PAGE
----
I visited Lisbon, which, it turns out, is a very beautiful city with great food and wine. As with all travel, the trip gave me a lot of experiences to think about, including a couple of incidents when I needed to ask people to fix things that had "gone wrong":
Met with an interesting company yesterday - Taptu. They offer a mobile search service/technology. They recently launched their iPhone application. They are in the process of indexing "touch-friendly" media. They estimate that there are about 40,000 touch-friendly web sites of which they have indexed more than 3 million pages with a goal much higher than this for the end of the year. They estimate that about 30% of the top 100 web sites as measured by traffic are touch-friendly. It is an interesting idea given the number of touch-screen mobile devices being sold today. Is your web site touch friendly? mobile friendly?
I'm fascinated by this application on the iPhone. It is rich and entertaining. It makes ordering pizza fun. Includes a game. Includes coupons to motivate purchase - but they aren't pushed out via SMS to trigger the idea of pizza for lunch/dinner.
Is it more marketing or commerce?
The connected nature of the application allows for updates - to the menu (for the basic categories) and promotions. Look forward to seeing this evolve to the point where local restaurant managers can do their own local promotions even based on registered zip codes. I see location-based mobile advertising playing out along these lines nearer term than the auto-tagging of a user's location with an ad to quickly follow.
Would prefer not to have to sign up online. Mobile-only use cases with individuals are limited today, but I think they will grow in number. Cross-channel (Internet to mobile and vice versa) is an interesting idea, but it isn't clear that it is needed or wanted - especially on platforms as capable as the higher end devices like an iPhone or Blackberry, Symbian, Palm etc. devices. -
Insurance IT buyers have distinct preferences when it comes to how they learn about new technology.Tech vendors think IT buyers learn about the hottest technology because of the bright, shiny stuff that their marketing organizations spend all kinds of time and money producing. Wrong.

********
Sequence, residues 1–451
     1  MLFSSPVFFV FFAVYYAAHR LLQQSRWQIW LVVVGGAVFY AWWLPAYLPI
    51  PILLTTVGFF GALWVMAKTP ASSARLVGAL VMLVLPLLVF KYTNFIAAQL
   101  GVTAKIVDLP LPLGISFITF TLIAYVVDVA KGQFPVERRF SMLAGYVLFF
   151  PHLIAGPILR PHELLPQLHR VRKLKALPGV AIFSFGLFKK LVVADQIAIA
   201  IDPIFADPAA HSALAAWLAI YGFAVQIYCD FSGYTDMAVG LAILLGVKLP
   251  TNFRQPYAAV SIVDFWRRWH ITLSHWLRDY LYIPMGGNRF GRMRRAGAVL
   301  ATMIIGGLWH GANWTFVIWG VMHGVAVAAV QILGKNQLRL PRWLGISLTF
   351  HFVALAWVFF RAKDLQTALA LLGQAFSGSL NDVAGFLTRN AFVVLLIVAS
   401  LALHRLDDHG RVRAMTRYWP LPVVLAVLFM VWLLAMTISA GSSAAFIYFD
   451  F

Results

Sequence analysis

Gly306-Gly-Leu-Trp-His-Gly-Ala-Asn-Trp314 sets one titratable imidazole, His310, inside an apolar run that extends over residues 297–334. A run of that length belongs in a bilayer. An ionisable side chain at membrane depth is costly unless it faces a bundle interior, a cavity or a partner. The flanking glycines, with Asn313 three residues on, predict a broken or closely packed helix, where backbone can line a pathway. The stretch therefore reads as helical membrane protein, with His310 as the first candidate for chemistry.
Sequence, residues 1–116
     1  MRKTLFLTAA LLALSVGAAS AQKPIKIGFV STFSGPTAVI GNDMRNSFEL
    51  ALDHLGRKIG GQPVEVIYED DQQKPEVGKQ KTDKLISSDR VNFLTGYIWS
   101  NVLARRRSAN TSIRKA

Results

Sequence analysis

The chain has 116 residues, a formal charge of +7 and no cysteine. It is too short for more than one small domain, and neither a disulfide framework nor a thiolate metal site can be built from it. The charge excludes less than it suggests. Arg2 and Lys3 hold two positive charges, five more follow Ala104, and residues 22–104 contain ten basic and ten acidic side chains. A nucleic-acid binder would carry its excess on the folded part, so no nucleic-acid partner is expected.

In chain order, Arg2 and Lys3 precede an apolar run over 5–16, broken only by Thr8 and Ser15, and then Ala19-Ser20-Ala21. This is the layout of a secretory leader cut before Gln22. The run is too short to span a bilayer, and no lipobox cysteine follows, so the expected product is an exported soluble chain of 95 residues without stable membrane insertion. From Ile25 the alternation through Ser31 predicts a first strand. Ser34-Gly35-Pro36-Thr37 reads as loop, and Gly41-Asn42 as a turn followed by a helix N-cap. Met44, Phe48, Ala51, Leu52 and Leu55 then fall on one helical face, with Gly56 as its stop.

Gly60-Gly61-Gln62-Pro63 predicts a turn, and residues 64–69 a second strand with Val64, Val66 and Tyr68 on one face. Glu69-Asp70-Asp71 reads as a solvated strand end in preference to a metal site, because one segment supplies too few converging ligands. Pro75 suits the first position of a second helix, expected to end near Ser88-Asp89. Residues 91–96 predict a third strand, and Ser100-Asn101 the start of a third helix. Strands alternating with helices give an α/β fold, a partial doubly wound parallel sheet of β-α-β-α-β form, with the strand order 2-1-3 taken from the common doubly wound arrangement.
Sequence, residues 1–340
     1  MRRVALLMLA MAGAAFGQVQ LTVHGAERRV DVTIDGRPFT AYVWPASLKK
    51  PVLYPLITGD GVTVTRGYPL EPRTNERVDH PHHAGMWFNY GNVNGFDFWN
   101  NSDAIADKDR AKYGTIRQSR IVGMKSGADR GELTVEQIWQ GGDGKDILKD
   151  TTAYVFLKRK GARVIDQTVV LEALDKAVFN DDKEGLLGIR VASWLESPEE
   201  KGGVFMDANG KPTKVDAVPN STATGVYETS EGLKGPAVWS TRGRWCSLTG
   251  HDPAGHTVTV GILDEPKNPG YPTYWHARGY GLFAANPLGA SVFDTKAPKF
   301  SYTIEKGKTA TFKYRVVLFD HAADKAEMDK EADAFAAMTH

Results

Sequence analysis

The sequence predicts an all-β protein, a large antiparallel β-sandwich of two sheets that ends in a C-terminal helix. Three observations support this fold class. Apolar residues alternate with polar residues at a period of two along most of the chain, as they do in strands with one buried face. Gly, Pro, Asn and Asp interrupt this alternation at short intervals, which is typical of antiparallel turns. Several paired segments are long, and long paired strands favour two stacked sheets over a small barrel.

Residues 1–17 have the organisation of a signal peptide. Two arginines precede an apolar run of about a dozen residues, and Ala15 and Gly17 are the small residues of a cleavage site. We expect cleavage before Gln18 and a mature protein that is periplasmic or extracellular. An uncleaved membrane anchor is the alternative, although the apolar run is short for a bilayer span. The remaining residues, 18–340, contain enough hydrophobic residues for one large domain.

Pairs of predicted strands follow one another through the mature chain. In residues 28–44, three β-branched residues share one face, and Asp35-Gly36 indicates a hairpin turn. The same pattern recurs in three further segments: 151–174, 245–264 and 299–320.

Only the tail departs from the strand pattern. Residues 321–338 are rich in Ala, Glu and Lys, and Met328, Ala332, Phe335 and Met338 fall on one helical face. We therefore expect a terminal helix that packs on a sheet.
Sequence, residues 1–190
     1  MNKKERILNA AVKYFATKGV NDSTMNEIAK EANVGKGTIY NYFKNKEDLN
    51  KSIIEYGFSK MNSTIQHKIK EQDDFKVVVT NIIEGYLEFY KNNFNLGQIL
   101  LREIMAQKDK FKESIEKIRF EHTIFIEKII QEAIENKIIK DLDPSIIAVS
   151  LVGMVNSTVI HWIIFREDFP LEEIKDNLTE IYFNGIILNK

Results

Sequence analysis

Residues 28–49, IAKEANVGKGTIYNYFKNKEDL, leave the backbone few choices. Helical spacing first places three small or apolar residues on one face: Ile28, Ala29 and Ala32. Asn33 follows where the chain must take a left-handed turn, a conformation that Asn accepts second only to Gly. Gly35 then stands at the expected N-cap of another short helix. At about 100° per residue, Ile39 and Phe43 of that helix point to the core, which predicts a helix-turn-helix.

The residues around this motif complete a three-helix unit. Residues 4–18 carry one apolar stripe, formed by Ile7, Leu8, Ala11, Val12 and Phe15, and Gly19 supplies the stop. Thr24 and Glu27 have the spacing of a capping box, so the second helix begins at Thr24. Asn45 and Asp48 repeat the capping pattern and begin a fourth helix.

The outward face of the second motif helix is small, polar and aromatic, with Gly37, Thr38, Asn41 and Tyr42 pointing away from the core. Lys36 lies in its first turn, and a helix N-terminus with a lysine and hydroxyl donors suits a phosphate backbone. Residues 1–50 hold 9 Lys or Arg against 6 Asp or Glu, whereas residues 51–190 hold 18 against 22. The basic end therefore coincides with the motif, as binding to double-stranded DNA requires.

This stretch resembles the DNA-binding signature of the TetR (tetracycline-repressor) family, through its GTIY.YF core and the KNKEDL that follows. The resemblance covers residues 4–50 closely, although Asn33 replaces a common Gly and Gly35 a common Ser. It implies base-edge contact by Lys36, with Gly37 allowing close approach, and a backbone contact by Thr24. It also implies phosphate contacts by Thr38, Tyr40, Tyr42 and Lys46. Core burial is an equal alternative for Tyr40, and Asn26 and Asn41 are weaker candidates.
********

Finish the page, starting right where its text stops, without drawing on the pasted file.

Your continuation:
I recently came accross this quote in the Financial Times from the former Vodafone CEO on November 19, 2007: "The simple fact that we have the customer and billing relationship is a hugely powerful thing that nobody can take away from us". Would you still agree with this operator statement written in golden letters at the forefront of any "smart pipe" operator strategy?
Since then, new entrants such as Google and Apple have shaken up the value chain. I have two examples in mind showcasing the tectonic shifts happening: 1) Apple imposing a direct billing relationship via iTunes/App store and 2) Google managing to create its own location data base (via cell ID or Skyhook's wireless technology) without relying on operators' network.
As early as in July 2007 (before the 3G iPhone version embedding a GPS chip), Google Maps on iPhone (the combo of Google's and Apple's strengths) started offering the "magic blue circle" experience. You could benefit from a compelling user experience like never before, with instant localization without any GPS chipset. Of course, the accuracy may not be good enough if you are looking for a pure turn-by-turn navigation, but honestly this is so simple and useful if as a pedestrian you're looking at the streets nearby.
Location is at the very heart of the mobile value proposition.